UTSA as a Hispanic-Thriving Institution

Here at UTSA, we embrace our Hispanic serving identity in everything we do—from honoring our founding history to bolstering student success to fostering excellence in faculty research to partnering with our communities.

We understand that our designation as one of the original 189 universities designated a Hispanic Serving Institution (HSI) is an important part of our story. However, we are taking many intentional and bold steps to move beyond Hispanic serving to Hispanic thriving. Our commitment to becoming a model Hispanic thriving university where our Latino students can excel and lead is fundamental to UTSA’s strategic vision.

In progressing beyond a Hispanic serving to a Hispanic thriving institution, UTSA strives to embrace its founding identity, purposefully support its majority Latino student population, and hire diverse faculty, staff and leaders who reflect the South Texas community the university serves. Through intentional policies, practices and support, the university is fostering an inclusive environment that accelerates educational success for our Latino students, and professional opportunities for Latino faculty and staff.

Why strive to be a Hispanic thriving institution?

UTSA has aspirations to be a model Hispanic thriving institution where students from all backgrounds can excel. This commitment and the community ethos it engenders comes with wide ranging benefits:

  • Positions UTSA to provide highest quality education to Hispanic-identifying students, galvanizing social mobility and economic opportunity.
  • Supports the cultivation of Latino thought leaders who can propel San Antonio’s 21st century economy forward.
  • Authenticates UTSA’s mission to reflect, serve and partner with San Antonio, a growing city that reflects the demographic future of the United States.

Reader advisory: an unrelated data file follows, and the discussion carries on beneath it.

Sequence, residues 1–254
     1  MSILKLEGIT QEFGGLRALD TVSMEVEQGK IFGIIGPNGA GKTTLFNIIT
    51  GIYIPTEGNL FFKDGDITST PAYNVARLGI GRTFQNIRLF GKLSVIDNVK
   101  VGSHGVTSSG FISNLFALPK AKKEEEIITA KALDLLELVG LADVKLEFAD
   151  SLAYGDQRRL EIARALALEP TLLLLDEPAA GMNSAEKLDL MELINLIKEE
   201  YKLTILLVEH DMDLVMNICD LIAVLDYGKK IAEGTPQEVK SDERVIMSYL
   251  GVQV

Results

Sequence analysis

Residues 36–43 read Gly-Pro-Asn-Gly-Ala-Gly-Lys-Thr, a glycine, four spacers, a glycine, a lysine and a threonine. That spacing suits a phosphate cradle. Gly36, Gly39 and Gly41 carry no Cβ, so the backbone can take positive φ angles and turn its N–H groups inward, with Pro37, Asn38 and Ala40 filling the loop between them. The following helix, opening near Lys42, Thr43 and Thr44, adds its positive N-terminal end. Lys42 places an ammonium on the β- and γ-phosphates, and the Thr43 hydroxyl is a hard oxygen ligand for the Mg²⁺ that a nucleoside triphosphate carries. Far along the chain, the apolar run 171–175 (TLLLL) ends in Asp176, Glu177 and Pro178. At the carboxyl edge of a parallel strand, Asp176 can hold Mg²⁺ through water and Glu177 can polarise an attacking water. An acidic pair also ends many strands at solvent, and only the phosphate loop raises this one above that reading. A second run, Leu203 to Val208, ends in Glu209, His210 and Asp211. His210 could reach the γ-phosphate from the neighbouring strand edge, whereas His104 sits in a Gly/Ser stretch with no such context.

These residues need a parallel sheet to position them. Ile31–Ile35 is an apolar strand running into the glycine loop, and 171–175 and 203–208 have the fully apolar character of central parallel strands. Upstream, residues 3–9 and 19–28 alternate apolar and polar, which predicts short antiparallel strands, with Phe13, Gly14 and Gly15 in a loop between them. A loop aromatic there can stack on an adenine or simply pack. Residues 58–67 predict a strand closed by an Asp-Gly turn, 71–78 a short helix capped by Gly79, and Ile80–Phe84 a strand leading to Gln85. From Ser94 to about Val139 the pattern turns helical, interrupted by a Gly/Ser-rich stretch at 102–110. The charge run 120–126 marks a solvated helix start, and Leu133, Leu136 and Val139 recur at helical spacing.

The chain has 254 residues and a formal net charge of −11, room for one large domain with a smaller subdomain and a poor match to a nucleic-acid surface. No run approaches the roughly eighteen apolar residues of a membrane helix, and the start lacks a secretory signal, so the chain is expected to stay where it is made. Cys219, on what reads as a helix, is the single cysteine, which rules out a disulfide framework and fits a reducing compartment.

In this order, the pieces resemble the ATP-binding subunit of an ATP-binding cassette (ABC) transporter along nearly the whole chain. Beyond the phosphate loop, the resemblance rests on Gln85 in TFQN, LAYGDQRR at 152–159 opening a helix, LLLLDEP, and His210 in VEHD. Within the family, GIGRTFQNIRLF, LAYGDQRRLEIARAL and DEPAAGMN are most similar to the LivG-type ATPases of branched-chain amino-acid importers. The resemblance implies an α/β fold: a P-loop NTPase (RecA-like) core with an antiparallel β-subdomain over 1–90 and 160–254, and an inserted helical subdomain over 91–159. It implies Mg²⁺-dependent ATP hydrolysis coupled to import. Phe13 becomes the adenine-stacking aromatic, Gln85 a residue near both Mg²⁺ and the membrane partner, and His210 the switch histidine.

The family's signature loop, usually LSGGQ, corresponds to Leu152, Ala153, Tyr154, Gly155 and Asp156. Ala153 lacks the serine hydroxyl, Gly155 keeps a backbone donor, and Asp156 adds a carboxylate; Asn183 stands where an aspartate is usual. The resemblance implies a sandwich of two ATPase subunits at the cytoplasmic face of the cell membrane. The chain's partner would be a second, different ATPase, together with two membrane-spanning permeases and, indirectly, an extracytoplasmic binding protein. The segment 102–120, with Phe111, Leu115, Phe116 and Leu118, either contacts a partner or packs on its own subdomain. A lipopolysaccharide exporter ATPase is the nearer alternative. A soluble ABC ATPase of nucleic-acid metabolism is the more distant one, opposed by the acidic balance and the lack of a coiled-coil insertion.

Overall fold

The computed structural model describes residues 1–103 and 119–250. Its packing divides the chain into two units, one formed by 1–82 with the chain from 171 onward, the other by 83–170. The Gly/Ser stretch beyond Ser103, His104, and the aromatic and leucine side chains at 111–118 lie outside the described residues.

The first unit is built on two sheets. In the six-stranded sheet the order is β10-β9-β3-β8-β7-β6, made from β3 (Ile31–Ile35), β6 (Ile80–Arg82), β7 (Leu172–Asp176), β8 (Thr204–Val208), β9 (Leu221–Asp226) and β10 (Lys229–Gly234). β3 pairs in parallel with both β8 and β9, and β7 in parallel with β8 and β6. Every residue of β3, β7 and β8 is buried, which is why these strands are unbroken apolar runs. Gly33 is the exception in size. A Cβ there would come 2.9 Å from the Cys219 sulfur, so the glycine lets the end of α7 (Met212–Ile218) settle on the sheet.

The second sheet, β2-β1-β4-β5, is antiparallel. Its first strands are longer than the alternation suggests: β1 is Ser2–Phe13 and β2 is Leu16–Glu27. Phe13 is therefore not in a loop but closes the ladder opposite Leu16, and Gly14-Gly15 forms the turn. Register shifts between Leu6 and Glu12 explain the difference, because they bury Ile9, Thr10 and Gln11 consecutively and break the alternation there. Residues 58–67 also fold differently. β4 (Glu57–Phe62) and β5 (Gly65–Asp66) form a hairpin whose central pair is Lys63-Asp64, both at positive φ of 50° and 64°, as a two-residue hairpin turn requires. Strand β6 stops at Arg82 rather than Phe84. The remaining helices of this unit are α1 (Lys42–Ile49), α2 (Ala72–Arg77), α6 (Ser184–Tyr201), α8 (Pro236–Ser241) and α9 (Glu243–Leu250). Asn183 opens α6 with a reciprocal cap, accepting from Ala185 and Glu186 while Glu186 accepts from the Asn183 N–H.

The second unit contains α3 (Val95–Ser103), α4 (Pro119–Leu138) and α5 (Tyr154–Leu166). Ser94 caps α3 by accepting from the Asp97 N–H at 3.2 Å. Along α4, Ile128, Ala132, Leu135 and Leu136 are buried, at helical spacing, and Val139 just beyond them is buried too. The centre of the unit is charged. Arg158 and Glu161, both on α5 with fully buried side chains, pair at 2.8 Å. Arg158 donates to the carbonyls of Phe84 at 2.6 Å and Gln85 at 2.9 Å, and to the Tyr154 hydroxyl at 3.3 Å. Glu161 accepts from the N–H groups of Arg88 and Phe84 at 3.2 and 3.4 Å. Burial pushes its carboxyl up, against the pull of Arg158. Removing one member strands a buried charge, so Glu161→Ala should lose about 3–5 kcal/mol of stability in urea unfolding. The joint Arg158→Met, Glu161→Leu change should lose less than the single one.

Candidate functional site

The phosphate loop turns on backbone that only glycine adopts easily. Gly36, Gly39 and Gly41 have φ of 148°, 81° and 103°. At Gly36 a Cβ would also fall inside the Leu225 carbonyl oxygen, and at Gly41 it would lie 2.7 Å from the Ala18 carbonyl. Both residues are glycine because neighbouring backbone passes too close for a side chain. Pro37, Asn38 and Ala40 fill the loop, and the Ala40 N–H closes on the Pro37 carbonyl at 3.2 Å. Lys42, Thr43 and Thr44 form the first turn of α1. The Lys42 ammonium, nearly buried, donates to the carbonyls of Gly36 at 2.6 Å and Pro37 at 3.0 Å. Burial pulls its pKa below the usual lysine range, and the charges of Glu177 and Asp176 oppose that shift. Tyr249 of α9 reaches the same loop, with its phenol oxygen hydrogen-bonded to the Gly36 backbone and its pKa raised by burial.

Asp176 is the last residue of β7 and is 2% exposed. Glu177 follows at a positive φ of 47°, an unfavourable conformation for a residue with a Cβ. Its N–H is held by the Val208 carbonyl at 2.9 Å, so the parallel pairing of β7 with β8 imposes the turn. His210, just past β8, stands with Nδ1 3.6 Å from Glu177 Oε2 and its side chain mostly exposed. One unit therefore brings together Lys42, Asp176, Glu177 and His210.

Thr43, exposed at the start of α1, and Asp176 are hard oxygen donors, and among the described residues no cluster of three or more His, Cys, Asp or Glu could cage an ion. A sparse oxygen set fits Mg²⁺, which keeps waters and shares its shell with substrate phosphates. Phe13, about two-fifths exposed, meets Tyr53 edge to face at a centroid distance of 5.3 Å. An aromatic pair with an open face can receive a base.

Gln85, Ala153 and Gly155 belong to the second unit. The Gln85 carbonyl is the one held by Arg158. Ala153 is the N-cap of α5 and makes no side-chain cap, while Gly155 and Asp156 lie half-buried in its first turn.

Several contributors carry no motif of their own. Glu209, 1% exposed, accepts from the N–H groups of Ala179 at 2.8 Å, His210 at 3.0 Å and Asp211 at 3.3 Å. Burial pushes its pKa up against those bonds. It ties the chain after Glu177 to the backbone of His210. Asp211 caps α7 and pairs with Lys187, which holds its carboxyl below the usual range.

• Enhances UTSA’s goal to be a model for student success, supporting efforts to recruit, retain and graduate all students.
  • Expands partnerships and collaborations with the local business community—particularly minority-owned businesses—further integrating UTSA into the cultural fabric of San Antonio.
  • Raises institutional profile for scholarship contributions to support Hispanic students from entry to graduation.

What exactly does Hispanic Thriving mean?

In progressing beyond a Hispanic serving to a Hispanic thriving institution, UTSA strives to embrace its founding identity, purposefully support its majority Hispanic student population, and hire diverse faculty, staff and administrators who reflect the South Texas community the university serves.

Through intentional policies, practices and support, the university is fostering an inclusive environment that accelerates educational success for our Hispanic students, and professional opportunities for Hispanic faculty and staff.

As an HSI research university with Hispanic thriving aspirations, we promote the success of Latino students to benefit our community through an educated workforce, through innovative research, businesses and social programs, and through the next generation of Hispanic leaders.

UTSA’s Hispanic thriving commitment has broad impact

We know that higher education is the primary driver of social mobility. UTSA has a particular responsibility to increase access to higher education and support the efforts of our Latino students to complete their degrees and realize their dreams. Degree completion has a large multiplier effect, adding value to the futures of all our students, their families and our community. The future prosperity of our region, state and nation depends on it.

Ensuring the success of Hispanic students is critical to enhancing the socioeconomic prospects of our communities, and that is particularly true in states such as Texas, where our population is increasingly young and Hispanic. As the state’s workforce continues to diversify, it is important to increase the levels of educational achievement within that workforce. Currently, 52 percent of K-12 students enrolled in Texas are Hispanic; however, Hispanics account for only 34 percent of enrollment at the state’s four-year public universities. With an undergraduate enrollment that is majority Hispanic, UTSA is a model for what institutions in Texas and the U.S. should look like to close the gaps in higher education.